Unlike other gaming keyboards that might pack in extra features like macro keys or a display screen, there aren't too many bells and whistles on the Rapidfire K70. In fact, there's not a whole lot to distinguish it from the standard K70, which was the top pick in our gaming keyboard roundup last year. It has a pretty basic key selection of 107 keys, though there are a few media buttons on the upper right along with a roll bar for adjusting the volume. The K95, also from Corsair, has a selection of 18 macro keys on the left side, but it's not a Rapidfire model, so you'll miss out on the benefits of MX Speed buttons.
I appreciated the simplicity of the layout, which made it ideal for mixed-use scenarios, in which you might want to use the same keyboard for gaming and work. Its compact size means its reach is far friendlier to my smaller hands, and the rubberized palm rest feels nice to the touch. I've had issues with rests before, as some plastics have a tendency to irritate my skin. I haven't had that problem with the K70, even after hammering away on a few 1,200-word stories. I'm even typing this review on it, and loving it.
There are other nice touches here. The space bar is textured, and the K70 also came with some extra key caps if you prefer your WASD setup to feel a bit rough as well. It's extremely easy to remove the caps, too: Corsair thoughtfully packed in a tool to pull them out, though you can also just give the buttons a good yank with your bare hands and the tops will come right off. This makes the whole rig extremely easy to clean, as the keys are housed in an aluminum deck with no nooks and crannies to trap crumbs and dust. This is ideal as I'm a bit of a slob; it's not uncommon for me to eat breakfast or lunch while I work. Indeed, I just noticed something stuck on the side of one of the number keys. It looks like jam? Probably best not to think about it. The important thing is that I was able to pull the key cap off, wipe it down and pop it back onto its switch with no evidence that anything was ever wrong.
The aluminum board also means the Rapidfire feels solid and is heavier than your average keyboard. In fact, It feels like something you'd keep around the office as a melee weapon in case you get caught at work during the zombie apocalypse. It's that sturdy.
The USB cords alone make it a bit unwieldy; their braided design means they don't tangle, but they also don't tuck away easily, so they're always this looming presence on your desk. It's especially annoying as one is a USB passthrough, which I don't need, so it just sits around like a paralyzed snake, making it harder to keep my cables in order.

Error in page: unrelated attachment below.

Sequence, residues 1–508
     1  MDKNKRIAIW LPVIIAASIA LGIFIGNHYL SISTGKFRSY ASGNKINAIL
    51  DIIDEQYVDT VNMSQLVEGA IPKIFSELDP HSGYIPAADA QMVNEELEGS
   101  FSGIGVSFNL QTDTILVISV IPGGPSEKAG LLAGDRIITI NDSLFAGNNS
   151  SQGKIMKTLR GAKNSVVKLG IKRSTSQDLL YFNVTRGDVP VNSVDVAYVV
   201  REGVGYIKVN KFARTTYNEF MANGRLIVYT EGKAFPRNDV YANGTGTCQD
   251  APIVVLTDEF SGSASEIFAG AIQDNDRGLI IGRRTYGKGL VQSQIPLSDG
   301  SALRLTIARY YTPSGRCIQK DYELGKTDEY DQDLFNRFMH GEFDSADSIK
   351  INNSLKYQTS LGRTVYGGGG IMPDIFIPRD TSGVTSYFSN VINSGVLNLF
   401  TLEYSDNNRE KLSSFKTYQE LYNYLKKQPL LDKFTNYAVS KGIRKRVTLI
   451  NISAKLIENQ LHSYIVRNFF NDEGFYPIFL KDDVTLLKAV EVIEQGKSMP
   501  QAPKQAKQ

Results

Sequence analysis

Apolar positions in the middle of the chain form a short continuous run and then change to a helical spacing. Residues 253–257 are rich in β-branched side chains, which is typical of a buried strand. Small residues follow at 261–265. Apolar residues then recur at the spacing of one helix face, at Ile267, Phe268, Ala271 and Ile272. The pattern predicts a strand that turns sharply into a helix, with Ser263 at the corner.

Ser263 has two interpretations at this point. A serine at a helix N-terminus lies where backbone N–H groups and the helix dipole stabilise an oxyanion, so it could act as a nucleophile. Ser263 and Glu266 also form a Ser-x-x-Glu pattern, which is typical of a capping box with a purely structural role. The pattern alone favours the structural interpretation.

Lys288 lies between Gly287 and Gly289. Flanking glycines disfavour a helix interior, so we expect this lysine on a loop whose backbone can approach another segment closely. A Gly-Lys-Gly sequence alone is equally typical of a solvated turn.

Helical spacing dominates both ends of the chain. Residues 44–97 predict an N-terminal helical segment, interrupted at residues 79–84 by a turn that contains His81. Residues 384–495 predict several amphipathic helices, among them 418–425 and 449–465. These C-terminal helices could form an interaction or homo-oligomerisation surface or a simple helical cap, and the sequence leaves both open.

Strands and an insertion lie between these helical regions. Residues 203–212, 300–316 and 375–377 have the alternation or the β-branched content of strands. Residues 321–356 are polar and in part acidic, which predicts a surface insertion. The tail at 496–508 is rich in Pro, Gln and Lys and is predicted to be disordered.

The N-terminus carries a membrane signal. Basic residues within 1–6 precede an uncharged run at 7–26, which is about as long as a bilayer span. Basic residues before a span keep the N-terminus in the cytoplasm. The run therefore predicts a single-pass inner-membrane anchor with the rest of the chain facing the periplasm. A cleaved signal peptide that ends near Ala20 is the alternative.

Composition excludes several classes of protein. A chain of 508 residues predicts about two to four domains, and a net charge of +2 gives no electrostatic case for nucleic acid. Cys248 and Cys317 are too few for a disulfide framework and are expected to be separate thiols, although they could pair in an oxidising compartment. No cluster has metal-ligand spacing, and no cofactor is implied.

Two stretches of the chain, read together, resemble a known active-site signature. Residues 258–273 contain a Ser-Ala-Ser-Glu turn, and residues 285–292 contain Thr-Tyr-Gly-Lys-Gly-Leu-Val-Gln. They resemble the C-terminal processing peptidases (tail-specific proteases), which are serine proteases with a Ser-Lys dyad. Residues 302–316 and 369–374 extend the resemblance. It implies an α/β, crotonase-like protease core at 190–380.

In use, the Rapidfire K70 is mostly a pleasure. The buttons are smooth and responsive; a little smaller than I'm used to, but it hasn't been a problem. I love the sound of the keys, too. Mechanical keyboards have a well-earned reputation for being noisier than the membrane and scissor-switch peripherals that populate most offices, and the K70 is definitely louder than my standard decks. But the lighter touch needed to activate the Cherry MX keys means that it's possible to be whisper-quiet with enough practice.
What's become more apparent in my time with the Rapidfire K70 is how sloppy a typist I can be. The larger buttons on my usual Comfort Curve Keyboard mean that I don't need to have a good aim to hit the right one, and I often have to slam my finger to get the membrane keys to register. I don't need to be delicate or precise: It's a blunt instrument for typing.
One persistent problem I had with the K70 was that my palm sometimes brushed against the Alt key as I typed. It isn't an issue on a membrane keyboard or even other mechanical layouts because it's not enough to register as a deliberate key press. But thanks to the extremely short actuation point on the Rapidfire K70, I was activating hotkeys left and right. No, I don't need the edit menu right now, thank you very much. Stop that.
In contrast, a mechanical keyboard is more of a scalpel, and the Cherry MX Speed switches on the Rapidfire K70 make it even more so. They're a bit thin, so I have to be careful about hitting the center of the key cap. I barely have to touch them to register a press; it feels like I could breathe funny on the keyboard and end up typing gibberish. That won't actually happen, though. I hit the K70 with a can of compressed air and the keys jiggled but didn't depress enough to register as strokes.
My ham-handed typing aside, it feels and looks great -- I'd be remiss in not mentioning the backlit RGB keys, which are bright and bold and pretty distracting. Of course, Corsair provides its own utility engine, so you can tweak the lighting as well as programming macros. It's pretty robust but also a bit opaque, so if you want anything more complicated than simple keystroke shortcuts you need to put in a serious sit-down with the software to figure out how it works. But it's easy enough to mess with the default lighting schemes and find one that looks good without being too annoying. And if the lighting does ever become a problem, there's a button on the keyboard to just turn it off.
But I don't really want to. The candy-colored lighting makes me happy in a way my conscious brain can't explain. That visual treat combined with the crisp, light typing makes the Rapidfire K70 RGB a sensory delight that actually gets me excited about typing on it. It makes me want to work. When was the last time you could say that about a keyboard?